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Public comment urged on religious holidays

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The South African Law Reform Commission (SALRC) are seeking equal consideration for religious holidays of minority faiths, after suggesting the current public holiday calendar is not reflective of the country’s religious diversity. The commission has suggested a level of prejudice in favour of Christianity, with practitioners of the faith receiving two ‘paid holidays’ annually in the form of Good Friday and Christmas. This is as opposed to other religions, who do not receive any form of financial compensation when observing their religious holidays.

Their proposal, which is to be submitted to the Department of Home Affairs, has received support from the Commission for the Promotion and Protection of the Rights of Cultural, Religious and Linguistic Communities. The African Christian Democratic Party’s Kenneth Meshoe, has however criticised the move as one that is not reflective of “the values of the majority religion”.

The SALRC has stated that although the two respective Christian holidays fall as part of the Public Holidays Act of 1994, their observance is also in violation of Section 9.3 of the constitution, which stipulates equality for all.

SALRC researcher, Mareen Moloi acknowledged that whilst trying to include paid leave for all holidays across the religious spectrum could yield major issues, particularly in the case of employers, there remains a need for some form of middle route.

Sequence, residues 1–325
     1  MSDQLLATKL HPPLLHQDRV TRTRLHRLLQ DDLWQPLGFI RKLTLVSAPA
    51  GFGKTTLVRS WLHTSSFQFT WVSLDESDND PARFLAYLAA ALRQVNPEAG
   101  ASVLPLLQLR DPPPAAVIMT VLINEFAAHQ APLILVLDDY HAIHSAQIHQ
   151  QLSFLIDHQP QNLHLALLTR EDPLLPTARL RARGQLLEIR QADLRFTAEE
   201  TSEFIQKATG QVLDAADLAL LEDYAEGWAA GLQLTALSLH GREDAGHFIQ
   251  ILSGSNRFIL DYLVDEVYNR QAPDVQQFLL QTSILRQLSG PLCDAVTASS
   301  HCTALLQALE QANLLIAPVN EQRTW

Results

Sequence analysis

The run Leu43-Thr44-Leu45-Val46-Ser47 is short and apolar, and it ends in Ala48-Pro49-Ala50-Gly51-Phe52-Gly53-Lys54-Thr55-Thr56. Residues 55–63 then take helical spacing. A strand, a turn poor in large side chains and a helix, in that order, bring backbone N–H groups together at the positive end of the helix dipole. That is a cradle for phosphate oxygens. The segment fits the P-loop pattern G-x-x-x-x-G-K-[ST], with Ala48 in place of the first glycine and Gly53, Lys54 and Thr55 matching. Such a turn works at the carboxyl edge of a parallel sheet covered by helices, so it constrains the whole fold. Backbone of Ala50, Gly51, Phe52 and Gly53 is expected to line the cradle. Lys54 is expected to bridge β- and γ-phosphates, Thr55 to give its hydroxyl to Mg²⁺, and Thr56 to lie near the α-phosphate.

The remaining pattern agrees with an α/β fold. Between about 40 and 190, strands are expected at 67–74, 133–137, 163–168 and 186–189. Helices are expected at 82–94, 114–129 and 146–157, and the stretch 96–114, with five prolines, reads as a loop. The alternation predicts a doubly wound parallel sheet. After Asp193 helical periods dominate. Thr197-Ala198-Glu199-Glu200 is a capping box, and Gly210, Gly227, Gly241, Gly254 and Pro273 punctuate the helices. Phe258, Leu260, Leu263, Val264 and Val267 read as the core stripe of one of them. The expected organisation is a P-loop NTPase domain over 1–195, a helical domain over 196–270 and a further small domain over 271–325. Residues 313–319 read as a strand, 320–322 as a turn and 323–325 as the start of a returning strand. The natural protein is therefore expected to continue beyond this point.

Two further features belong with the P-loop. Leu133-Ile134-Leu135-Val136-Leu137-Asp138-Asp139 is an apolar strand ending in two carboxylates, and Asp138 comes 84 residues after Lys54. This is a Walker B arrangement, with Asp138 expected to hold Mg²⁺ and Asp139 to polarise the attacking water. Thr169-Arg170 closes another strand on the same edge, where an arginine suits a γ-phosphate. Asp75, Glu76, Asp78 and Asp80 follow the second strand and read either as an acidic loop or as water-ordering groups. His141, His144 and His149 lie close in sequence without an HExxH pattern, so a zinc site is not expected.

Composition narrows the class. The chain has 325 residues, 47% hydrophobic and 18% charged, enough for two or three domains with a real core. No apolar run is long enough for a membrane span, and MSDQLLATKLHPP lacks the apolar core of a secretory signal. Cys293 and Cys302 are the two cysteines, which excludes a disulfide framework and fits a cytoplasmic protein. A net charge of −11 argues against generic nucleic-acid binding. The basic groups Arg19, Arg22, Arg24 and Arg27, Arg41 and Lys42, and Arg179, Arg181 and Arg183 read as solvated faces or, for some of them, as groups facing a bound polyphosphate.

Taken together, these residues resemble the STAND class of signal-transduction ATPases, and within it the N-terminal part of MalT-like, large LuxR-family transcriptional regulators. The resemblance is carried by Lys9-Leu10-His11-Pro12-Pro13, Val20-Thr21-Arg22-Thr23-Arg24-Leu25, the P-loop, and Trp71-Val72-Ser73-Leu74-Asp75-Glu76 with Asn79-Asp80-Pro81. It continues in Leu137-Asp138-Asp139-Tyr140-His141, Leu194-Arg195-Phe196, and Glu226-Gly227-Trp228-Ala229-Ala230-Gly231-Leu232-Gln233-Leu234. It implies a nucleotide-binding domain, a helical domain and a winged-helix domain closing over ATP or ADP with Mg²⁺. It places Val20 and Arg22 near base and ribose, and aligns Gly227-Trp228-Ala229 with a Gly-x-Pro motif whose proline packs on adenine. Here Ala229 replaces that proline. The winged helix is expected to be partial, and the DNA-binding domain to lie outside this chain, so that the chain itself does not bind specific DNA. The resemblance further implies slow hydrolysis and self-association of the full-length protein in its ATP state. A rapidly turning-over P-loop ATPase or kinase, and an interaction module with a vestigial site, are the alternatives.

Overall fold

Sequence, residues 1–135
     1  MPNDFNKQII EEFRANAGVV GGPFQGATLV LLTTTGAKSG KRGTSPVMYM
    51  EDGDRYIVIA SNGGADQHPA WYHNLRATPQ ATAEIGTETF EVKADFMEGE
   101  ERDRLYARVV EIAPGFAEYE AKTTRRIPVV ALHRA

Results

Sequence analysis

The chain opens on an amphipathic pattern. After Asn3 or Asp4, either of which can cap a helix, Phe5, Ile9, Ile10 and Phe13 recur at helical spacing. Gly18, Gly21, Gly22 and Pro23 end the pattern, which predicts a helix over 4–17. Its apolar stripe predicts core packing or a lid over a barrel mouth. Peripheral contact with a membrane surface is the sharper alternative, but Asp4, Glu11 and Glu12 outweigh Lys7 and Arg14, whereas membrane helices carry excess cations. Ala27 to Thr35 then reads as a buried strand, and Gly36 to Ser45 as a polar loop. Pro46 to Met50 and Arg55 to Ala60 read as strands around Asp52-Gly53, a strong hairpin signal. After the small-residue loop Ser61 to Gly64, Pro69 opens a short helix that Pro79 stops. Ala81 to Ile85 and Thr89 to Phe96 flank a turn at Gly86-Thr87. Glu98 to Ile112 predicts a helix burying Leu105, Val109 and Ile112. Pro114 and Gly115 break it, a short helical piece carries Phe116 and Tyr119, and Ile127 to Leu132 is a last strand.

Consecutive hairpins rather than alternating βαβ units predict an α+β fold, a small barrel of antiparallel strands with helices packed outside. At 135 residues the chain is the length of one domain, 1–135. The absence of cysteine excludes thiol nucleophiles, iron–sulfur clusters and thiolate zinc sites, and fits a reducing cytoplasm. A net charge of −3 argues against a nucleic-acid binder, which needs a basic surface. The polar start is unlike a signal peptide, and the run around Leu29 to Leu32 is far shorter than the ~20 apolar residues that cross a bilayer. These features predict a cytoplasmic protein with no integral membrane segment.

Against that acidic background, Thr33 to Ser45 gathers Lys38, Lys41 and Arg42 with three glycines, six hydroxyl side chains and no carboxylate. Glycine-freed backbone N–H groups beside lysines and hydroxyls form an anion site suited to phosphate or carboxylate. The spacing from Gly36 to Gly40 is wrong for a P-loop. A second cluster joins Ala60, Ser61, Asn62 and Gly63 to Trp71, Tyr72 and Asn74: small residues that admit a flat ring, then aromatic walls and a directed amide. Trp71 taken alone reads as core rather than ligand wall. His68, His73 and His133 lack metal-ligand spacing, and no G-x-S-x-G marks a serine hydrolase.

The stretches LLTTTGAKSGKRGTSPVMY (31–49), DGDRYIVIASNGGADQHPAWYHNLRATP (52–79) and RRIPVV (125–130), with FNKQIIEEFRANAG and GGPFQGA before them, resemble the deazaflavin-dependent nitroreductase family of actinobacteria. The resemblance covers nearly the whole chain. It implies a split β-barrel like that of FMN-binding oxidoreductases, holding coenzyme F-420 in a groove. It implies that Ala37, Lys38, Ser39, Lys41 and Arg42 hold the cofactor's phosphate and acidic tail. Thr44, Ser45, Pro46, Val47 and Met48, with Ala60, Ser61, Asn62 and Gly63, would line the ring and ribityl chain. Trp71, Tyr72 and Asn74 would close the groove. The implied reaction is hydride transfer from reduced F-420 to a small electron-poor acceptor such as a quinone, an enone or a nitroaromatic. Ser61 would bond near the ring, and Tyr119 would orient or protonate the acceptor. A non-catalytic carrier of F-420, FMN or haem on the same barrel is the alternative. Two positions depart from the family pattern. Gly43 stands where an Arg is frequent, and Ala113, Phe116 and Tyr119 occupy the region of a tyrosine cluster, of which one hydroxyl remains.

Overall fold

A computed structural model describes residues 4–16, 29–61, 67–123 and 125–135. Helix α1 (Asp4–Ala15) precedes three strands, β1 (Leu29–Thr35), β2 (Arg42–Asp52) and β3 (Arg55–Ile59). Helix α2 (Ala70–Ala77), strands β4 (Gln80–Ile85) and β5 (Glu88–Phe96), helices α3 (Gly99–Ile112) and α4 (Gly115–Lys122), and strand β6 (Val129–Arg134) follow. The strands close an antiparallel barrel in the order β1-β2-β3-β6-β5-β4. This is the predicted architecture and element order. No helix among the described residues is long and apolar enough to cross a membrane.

“It might not mean giving the other religions a paid holiday. Any decision will depend on the (public) submissions we receive. The main thing here is that Section 9 (of the constitution) should be observed,” she explained.

In addition to Section 9, the current holiday calendar also falls in violation of Section 15 of the constitution, which provides that “everyone has the right to freedom of conscience, religion, thought, belief and opinion.”

According to Moloi, that includes the right of non-Christians to fully observe and celebrate events of significant within their respective religions.

The ACDP represents the biggest challenge to the proposal, with the party suggesting that it could lobby Christians of opposition parties to vote against the move, should the case be brought forth to Parliament.

Moloi has admitted that once the submission has been passed on to Home Affairs, any final decision would be out of their hands.

“The Department will decide what it does with the recommendations of the SALRC. It might take the recommendations to parliament if there is one (recommendation) that there has to be an amendment to the Public Holidays Act,” Moloi said.

Although the submissions period is now closed, the SALRC will be accepting last minute submissions. These can be sent to VOC (Mubeen Banderker)

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